Scientists from the University of Amsterdam managed to find the evidence that the ancient Egyptians used a clever trick to facilitate the transportation of giant stones that were used to build the pyramids.
To create the ancient Egyptian pyramids, builders had to constantly move giant blocks of stone and sculptures through the desert. They had to lift heavy loads and put them on sledges, which were then dragged through the sand.
The experiments of Dutch physicists confirmed that the sand right in front of the sledge was poured with water. When the right proportion of sand was moistened, it could reduce the effort required to transport the cargo by half.
The moisture in the sand increases the formation of capillary bridges, which hold together the separate grains of sand. Thus, the stiffness of wet sand is doubled as compared to dry sand. Due to this, the sand in front of the sledge stops piling up and lets it slide without hindrance, as in the case of dry sand.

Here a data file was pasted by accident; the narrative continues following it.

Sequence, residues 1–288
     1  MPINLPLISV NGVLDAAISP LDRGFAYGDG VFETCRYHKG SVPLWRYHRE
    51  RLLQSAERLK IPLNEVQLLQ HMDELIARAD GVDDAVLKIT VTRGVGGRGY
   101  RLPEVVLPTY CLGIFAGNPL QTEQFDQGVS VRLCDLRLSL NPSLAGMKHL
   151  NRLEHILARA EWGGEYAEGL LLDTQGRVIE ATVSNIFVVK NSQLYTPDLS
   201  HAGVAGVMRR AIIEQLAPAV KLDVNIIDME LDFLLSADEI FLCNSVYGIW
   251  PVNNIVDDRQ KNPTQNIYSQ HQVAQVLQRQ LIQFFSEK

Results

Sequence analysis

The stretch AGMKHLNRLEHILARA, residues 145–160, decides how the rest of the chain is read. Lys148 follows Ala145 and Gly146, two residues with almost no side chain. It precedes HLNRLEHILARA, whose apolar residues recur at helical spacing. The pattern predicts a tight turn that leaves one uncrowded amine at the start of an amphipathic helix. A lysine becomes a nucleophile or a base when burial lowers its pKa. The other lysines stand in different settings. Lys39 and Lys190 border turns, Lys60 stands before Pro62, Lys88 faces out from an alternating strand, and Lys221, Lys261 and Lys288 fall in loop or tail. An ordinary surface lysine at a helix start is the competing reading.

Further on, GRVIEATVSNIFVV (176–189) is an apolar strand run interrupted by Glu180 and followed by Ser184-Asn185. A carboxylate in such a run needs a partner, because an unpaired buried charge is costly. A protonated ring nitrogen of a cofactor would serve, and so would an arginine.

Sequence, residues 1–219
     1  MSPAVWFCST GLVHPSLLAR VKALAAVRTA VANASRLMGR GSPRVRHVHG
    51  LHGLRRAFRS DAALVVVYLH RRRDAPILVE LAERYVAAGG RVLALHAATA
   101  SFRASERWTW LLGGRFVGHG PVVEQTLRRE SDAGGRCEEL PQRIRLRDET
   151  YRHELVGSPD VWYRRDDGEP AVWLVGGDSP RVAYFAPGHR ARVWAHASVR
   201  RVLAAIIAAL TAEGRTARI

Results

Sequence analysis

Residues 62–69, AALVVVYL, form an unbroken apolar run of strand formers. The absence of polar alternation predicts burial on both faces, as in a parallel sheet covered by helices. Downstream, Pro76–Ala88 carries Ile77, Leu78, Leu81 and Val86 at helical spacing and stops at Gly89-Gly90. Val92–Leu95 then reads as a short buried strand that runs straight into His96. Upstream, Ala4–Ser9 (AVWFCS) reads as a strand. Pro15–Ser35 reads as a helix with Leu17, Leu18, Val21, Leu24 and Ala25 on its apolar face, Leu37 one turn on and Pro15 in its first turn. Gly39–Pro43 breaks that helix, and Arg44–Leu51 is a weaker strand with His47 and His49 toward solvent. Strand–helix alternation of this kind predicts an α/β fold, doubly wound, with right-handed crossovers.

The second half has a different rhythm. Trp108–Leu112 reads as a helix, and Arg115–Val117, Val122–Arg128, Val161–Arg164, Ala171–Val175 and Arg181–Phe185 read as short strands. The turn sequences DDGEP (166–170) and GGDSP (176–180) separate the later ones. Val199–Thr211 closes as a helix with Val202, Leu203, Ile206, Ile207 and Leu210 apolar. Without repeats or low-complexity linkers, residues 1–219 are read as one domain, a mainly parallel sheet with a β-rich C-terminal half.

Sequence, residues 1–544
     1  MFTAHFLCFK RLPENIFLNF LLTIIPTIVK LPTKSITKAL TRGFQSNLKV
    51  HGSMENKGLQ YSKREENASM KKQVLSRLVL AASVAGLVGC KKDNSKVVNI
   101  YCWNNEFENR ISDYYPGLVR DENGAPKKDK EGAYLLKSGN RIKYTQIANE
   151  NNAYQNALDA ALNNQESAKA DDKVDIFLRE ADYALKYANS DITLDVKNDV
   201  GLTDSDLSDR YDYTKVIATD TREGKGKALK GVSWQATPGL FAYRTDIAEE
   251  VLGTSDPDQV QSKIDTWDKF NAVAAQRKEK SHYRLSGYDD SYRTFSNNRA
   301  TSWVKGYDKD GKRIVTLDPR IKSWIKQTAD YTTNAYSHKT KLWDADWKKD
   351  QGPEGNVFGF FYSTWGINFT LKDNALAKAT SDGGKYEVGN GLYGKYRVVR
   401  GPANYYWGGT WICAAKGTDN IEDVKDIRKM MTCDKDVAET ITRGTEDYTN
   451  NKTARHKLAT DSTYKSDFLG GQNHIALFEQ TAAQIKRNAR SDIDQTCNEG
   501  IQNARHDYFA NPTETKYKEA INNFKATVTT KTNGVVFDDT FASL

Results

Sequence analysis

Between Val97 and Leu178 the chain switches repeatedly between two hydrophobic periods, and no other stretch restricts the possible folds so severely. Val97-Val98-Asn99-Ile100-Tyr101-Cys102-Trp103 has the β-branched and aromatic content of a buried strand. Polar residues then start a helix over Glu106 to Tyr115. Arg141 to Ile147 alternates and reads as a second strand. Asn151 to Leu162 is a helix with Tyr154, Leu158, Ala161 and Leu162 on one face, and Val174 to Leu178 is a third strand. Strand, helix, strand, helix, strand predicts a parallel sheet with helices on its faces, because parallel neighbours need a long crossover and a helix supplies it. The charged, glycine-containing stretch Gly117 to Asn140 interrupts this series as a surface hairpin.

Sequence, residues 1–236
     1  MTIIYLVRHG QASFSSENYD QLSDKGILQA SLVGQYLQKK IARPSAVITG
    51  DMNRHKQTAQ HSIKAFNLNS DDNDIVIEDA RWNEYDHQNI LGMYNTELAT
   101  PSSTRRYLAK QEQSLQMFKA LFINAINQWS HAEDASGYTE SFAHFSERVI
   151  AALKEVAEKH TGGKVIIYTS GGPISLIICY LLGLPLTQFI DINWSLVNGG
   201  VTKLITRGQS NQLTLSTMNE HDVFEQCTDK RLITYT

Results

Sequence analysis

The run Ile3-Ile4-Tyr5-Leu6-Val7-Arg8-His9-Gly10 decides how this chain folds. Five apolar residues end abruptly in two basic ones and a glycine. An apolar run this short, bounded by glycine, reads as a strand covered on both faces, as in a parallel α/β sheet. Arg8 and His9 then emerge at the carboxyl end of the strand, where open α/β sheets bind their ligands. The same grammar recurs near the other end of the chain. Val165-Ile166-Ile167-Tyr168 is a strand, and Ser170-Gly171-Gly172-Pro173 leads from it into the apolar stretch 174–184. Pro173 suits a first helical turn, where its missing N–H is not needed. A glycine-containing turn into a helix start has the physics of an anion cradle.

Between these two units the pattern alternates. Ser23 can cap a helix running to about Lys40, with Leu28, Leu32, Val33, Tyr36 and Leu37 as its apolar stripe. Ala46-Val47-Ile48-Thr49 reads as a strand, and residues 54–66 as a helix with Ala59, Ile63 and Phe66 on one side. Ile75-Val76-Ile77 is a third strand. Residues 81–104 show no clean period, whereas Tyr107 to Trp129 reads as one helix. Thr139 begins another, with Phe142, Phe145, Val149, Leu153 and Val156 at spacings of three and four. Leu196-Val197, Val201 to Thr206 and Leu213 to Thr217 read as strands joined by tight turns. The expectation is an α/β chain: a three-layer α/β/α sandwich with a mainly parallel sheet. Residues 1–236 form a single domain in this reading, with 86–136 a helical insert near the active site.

It is almost certain that Egyptians knew about this technique. This is evidenced by wall paintings from the tomb of the monarch Djehutihotep, where it is possible to see a person who is wetting sand in front of the sledge.
The study of properties of sand can be of great practical importance in modern technology. Properties of granular materials, which are very common in the world, are still insufficiently studied.
The results of the study, which were published online in the scientific journal Physical Review Letters, could help optimize the transportation and handling of granular materials such as sand, gravel or asphalt.
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